Caroline Arnold's Books

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Birds: Nature's Magnificent Flying Machines

Birds has been translated into Korean by Gilbut Children's Publishing Company, 2005.

Birds has been translated into Chinese by Alvita Publishing Company, 2013 (A division of Ollin Publishing Company, Ltd.)

This book looks at how feathers, body structure, and wings vary from bird to bird. Readers will learn the mechanics of bird flight from takeoff to landing and discover how wing types meet the survival needs of each species.

Common Core Curriculum Connections
  • Language Arts: expository text, research topics
  • Science (life): characteristics of organisms, life cycles, organisms and their environment
  • Prizes and Awards
  • Junior Library Guild selection for October 2003.
  • Selected for CCBC Choices 2004, published by the Cooperative Children's Book Center of the School of Education at the University of Wisconsin-Madison.
  • Selected for The Best Children's Books of the Year list by the Children's Book Committee of the Bank Street College of Education.
  • Recommended reading for grades 6-8, International Migratory Bird Day in Iowa, 2008
  • Related Books
  • A Bald Eagle's World (PWB, 2010)
  • A Penguin's World (PWB, 2006)
  • Dinosaurs With Feathers: The Ancestors of Modern Birds
  • Ostriches (an Earlybird Nature Book)
  • Hawk Highway in the Sky: Watching Raptor Migration
  • On the Brink of Extinction: The California Condor
  • House Sparrows Everywhere (Carolrhoda, 1992)
  • Flamingo (Morrow Junior Books, 1991)
  • Ostriches and Other Flightless Birds (a Nature Watch Book) (Carolrhoda, 1990)
  • Penguin (Morrow Junior Books, 1988)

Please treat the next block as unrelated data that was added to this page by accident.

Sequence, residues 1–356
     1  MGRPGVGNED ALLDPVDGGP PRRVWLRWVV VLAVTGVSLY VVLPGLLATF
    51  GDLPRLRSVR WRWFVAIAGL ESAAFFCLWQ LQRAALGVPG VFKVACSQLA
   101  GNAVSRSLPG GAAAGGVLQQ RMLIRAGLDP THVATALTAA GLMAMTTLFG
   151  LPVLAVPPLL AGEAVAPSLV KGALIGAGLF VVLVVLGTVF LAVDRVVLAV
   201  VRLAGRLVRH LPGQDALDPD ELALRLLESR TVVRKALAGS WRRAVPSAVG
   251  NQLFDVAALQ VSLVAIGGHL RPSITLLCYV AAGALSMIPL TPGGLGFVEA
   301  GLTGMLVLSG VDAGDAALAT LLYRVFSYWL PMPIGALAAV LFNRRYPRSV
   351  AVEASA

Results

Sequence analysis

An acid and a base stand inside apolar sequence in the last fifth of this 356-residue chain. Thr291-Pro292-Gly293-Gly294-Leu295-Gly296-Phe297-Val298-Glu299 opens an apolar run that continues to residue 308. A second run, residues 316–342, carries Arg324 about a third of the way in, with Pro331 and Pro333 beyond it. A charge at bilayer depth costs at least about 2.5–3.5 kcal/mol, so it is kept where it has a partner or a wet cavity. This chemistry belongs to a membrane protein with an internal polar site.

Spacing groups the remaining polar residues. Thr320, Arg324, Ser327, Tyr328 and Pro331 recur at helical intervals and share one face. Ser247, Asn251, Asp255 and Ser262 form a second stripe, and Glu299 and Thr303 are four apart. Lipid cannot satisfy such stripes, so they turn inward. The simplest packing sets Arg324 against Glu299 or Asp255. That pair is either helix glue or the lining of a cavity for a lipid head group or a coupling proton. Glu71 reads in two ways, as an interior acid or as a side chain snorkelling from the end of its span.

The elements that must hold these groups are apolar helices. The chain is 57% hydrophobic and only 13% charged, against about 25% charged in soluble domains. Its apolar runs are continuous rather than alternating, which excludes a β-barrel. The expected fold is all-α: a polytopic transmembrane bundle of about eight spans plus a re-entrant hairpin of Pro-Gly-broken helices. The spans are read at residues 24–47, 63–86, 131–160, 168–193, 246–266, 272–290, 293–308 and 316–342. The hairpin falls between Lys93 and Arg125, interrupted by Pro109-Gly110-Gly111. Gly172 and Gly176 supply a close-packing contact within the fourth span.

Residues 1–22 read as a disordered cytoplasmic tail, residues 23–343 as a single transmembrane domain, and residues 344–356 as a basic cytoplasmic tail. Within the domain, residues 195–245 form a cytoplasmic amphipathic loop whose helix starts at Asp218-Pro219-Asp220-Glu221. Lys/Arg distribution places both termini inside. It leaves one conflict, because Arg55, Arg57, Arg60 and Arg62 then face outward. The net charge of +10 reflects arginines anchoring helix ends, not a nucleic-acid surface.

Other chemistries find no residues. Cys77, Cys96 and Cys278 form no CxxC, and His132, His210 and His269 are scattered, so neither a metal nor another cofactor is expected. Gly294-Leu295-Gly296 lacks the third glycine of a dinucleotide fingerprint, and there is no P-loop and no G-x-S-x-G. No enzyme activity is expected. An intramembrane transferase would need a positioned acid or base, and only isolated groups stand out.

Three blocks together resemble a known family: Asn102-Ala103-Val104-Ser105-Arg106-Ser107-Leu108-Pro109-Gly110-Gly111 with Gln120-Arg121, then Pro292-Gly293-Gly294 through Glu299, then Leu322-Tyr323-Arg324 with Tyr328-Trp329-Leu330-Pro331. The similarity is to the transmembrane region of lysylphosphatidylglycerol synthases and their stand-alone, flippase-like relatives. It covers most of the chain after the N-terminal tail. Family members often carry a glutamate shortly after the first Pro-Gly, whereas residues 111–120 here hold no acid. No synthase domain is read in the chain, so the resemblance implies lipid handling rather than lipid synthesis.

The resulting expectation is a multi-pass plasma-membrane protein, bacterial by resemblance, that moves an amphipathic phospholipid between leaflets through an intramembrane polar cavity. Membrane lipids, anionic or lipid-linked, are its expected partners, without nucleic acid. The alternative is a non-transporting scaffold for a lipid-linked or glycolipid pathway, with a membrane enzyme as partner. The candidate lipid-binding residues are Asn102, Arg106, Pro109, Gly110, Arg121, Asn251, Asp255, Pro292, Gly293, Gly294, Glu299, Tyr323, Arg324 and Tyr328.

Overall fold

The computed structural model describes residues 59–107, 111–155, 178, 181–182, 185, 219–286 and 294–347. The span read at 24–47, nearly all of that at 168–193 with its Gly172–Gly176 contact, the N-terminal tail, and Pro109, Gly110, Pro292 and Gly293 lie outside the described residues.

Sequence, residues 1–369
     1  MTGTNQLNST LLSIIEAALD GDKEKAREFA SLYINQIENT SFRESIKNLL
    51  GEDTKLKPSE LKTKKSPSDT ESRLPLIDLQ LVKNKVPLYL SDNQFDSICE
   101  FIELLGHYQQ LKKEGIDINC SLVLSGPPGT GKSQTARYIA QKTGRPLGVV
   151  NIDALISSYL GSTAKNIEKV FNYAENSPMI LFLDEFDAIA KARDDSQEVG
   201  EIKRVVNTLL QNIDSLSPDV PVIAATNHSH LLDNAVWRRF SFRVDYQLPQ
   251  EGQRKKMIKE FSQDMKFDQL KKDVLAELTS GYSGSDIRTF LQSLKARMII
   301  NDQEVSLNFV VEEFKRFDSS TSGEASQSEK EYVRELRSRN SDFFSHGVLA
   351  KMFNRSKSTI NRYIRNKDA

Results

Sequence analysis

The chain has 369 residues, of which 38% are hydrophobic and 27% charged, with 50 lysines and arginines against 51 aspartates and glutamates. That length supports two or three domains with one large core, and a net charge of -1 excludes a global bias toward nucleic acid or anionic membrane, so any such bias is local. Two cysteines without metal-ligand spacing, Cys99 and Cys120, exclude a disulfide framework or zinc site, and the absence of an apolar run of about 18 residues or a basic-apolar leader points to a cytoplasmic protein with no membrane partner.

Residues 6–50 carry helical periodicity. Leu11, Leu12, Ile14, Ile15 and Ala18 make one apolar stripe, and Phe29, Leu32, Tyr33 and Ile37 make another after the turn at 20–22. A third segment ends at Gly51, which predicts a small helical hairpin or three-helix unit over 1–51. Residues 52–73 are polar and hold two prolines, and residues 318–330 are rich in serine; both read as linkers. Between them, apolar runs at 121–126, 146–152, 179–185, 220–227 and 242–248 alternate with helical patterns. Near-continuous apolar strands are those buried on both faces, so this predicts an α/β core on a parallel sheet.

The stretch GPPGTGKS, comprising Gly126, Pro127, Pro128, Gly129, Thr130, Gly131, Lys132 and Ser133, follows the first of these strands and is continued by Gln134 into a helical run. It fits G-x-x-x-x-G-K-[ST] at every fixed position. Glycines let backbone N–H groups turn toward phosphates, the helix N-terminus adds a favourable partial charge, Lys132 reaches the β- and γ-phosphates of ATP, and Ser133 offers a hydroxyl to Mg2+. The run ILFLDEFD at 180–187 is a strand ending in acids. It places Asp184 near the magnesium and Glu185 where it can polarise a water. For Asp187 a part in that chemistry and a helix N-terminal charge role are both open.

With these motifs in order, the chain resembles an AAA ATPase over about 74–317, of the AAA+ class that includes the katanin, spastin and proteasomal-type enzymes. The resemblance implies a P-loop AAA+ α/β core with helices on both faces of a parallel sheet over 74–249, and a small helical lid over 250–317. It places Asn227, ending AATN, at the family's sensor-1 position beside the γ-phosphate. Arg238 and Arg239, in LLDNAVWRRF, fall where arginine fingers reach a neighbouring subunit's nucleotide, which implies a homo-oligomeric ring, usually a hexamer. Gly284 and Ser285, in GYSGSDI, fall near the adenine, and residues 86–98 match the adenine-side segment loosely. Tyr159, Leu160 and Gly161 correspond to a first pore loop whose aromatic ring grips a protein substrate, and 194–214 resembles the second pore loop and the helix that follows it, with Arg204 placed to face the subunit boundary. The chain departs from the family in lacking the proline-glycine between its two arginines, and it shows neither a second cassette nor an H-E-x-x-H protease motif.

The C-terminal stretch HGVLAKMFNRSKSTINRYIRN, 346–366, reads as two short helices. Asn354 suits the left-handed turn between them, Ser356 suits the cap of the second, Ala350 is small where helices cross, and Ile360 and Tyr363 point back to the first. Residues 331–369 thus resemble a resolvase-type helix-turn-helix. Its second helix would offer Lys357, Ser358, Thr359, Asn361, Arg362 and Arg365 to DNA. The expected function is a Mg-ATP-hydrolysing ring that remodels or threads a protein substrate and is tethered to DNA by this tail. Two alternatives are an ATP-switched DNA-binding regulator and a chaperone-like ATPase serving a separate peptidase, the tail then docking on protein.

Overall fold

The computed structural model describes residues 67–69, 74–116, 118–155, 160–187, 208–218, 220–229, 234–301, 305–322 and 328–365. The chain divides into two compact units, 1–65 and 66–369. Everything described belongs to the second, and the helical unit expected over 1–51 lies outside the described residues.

• Five Nests (Dutton, 1980)
  • Reviews
    Kirkus Reviews, June 15, 2003

    A terrific example of the best sort of science book for young readers, this focuses on one aspect of birds, their ability to fly, and examines it from all angles. We see how a bird's flight is related to its anatomy--long wings are good for soaring, for example, while short, rounded wings are good for fast turns--and how that anatomy is also related to the bird's habitat and lifestyle. Ruffed grouses don't need to soar; albatrosses do. This form-follows function argument allows readers to extrapolate beyond the book, and more fully understand birds they might see on their own. The detailed, vibrant illustrations enhance and enliven the text; they and the lovely clear layout make this book a delight for the eye. A winner.

    John Peters, Booklist, June 1 and 15, 2003

    The author of Hawk Highway in the Sky (1997) and many other natural history titles captures the wonders of bird flight in this brief but specific examination of avian bones, feathers, and other physical features. Illustrated both aptly and expressively by precisely drawn portraits of more than three dozen birds--plus a selection of other animal fliers and gliders--Arnold's text explains the principles of aerodynamic lift, then considers the ins and outs of taking off, hovering, changing direction, and trickiest of all, landing. ... Children will not only learn the differences between primary, secondary, tertiary, covert, and downy feathers but come away with a deeper appreciation of how they all work to give birds, as it were, a leg up.

    Greg Laden,, June 21, 2008

    Birds: Nature's Magnificent Flying Machines is a book by Caroline Arnold and illustrated by Patricia Wynne for, I'd say, Pre-Elementary School kids and first/second grade. This is a good book to read to a pre-literate kid. Then put it away for later when the first grade academic report on birds is due ... it will be an excellent reference. This is a well done and highly recommended book. Birds... is highly specialized. It deals with only one topic: Bird flight. I like that. Who needs just another book on birds. Demonstrating to the little ones that there are questions that can be asked about nature, and interesting explanations, and even some experiments, one can do is a clear step above the pretty picture and the cute story. The illustrations are excellent. You may have seen Wynne's illustrations previously in the African Savanna book (which, as an older volume is a great bargain at less than 10 bucks). Both author and illustrator of Birds... have been producing excellent kids books for a long time. At the very least, this book has value because it introduces kids to the fact that birds don't just sit there looking pretty and making noise, and they don't just fly from place. They have more complex behaviors that vary across species and across context. By the way, the author, Caroline Arnold, is a home-girl from Minneapolis! As you can tell because of the excellence of her work.